A decidedly dark turn for the sequel of Gabriele Salvatores' fantasy film The Invisible Boy - Second Generation. Michele, the superhero boy, is now 16 and deadling with his teen angst, quest for rebellion and a dark side that is knocking at the door. Between an open bar and a nervously smoked cigarette, jealousy for his dream girl who is in love with someone else and a hoodie to isolate himself from the outside world, the film shows its first images at Alice nella Città. A new character has been added to the story: it's Natasha (Galatea Bellugi), the mysterious sister of Michele. The girl too has super powers and lives with the biological mother of them both, Yelena (Xenia Rappoport), who reappears after 16 years.

As the protagonist Ludovico Girardello puts it: "The film is very different from the previous one, and it's very cool. I see the first film as a sort of introduction to the core story that is represented in this second instalment, which is much darker and gloomier, just as I like it." Galatea Bellugi defines her character as one "difficult to understand, wrapped up in mystery and very moody." Her power is to set things on fire when she gets irritated, "it's been much fun to play this role among so many special effects. It's been a challange to find my place within an ongoing story."

As in the previous film, the special effects are curated by Spanish artist Victor Pérez (Pirates of the Caribbean, Harry Potter, The Dark Knight - Return): "Unlike Hollywood films, my idea is to focus the big show of special effects on a small and intimate story. The Invisible Boy - Second Generation include 650 shots with effects and the work has been carried out so meticolously that the actors themselves, when they saw the final images for the first time, didn't realize that in many scenes Ludovico's body has been recreated in 3D." On the work of the special effects: "Many people think that the work on visual effects is done at the post-production stage, but they really have to be in the script already. For instance, many months before the shooting, in order to understand where and how to put the cameras, we recreated the final scene of the film, which is also the most spectacular one and required more than half of the visual effects budget of the whole film." Regarding some shots including fire scenes: "It's a combination of real effects recreated on the film set, and post-production work. For instance, for the scenes with Michele's t-shirt or the entire bar bursting into flame, we lighted small fires and then recreated most of the flames with the computer."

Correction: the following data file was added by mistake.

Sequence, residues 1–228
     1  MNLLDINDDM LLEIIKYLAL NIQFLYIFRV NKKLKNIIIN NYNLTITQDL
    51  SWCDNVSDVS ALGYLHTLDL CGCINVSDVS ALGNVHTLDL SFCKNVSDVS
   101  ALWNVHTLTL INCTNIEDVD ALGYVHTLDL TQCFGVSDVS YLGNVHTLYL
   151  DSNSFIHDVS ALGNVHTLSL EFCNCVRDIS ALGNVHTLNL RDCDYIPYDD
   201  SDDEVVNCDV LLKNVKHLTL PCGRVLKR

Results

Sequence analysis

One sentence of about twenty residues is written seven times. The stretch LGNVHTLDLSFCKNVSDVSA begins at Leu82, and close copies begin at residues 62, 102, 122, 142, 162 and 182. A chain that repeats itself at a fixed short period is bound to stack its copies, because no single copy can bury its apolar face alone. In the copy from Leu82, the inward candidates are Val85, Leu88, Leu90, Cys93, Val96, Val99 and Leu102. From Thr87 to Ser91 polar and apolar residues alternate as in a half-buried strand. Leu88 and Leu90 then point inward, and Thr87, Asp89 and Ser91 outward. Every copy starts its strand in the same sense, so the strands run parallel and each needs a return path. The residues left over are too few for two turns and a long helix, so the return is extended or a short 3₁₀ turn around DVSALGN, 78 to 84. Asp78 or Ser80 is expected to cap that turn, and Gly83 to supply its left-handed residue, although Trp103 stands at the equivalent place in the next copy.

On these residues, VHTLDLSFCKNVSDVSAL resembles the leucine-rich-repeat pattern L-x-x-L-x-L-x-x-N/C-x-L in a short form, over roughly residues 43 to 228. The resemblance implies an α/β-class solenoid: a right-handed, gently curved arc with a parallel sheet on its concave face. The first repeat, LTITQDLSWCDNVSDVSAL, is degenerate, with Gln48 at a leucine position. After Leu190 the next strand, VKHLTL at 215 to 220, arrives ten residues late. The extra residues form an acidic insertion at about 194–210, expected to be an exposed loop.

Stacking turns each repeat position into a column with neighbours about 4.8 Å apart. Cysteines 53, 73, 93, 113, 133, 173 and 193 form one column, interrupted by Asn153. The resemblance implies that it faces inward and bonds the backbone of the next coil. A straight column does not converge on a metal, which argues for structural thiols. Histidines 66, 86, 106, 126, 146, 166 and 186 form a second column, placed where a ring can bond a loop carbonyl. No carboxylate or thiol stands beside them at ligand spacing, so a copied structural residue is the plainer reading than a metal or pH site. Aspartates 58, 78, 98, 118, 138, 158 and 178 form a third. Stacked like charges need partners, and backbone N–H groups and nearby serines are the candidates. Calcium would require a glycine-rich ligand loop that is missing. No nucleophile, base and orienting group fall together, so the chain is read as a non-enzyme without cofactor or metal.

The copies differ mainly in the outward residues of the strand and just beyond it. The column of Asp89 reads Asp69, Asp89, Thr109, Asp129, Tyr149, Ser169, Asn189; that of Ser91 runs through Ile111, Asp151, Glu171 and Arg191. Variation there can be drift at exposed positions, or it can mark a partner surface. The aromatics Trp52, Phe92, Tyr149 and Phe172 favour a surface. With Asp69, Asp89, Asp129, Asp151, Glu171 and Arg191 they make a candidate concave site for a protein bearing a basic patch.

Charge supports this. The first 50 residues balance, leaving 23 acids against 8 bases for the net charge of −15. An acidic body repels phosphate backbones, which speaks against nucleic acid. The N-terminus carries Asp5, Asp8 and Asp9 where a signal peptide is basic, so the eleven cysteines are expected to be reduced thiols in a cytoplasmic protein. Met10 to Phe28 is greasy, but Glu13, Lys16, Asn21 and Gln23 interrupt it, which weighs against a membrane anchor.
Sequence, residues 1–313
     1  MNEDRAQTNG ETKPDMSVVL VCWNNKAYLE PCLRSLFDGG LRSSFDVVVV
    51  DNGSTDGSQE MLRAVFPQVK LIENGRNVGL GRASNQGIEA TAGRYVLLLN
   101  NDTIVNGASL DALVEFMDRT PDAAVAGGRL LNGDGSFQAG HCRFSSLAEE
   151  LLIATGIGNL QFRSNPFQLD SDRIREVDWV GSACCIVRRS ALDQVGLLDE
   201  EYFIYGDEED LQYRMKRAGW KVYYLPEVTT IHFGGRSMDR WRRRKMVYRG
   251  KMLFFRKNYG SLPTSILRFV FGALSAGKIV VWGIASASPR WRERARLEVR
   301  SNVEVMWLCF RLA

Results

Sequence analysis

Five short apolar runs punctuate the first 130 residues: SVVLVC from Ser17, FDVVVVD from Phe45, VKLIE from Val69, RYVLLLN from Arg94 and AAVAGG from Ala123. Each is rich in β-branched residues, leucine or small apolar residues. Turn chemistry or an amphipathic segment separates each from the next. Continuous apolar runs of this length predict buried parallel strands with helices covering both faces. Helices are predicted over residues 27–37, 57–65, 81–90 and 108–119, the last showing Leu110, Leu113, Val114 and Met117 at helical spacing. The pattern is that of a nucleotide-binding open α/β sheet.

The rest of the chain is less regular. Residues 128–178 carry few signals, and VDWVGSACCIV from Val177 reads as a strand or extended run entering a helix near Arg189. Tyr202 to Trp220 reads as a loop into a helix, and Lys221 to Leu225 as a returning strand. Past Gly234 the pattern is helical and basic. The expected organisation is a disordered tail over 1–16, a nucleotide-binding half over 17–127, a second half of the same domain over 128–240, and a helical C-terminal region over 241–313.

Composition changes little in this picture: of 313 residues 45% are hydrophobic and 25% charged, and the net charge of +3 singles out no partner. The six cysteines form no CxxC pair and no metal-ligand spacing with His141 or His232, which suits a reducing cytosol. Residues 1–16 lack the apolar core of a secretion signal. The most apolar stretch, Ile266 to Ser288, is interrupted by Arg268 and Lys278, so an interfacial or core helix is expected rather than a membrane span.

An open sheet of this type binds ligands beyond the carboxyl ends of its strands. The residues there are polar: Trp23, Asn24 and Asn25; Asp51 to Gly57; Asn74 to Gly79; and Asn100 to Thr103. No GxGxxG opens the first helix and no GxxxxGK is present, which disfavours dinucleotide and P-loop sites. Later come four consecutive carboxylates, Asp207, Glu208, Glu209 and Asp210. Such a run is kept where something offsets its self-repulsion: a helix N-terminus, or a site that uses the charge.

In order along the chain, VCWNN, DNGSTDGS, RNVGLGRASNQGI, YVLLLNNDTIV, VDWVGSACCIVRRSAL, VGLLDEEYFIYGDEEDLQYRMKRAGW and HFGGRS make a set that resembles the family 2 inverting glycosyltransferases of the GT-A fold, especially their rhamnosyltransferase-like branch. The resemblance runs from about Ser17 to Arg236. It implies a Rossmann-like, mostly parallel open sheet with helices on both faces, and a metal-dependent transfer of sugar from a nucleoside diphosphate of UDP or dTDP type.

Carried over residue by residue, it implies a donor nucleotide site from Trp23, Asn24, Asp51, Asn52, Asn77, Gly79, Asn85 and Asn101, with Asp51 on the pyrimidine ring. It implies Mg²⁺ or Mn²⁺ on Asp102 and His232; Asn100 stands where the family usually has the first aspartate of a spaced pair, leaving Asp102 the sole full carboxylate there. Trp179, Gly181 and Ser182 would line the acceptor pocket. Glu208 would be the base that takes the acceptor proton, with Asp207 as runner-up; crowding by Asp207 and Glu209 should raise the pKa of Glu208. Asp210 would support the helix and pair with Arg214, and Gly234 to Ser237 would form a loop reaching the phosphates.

ROMA 2017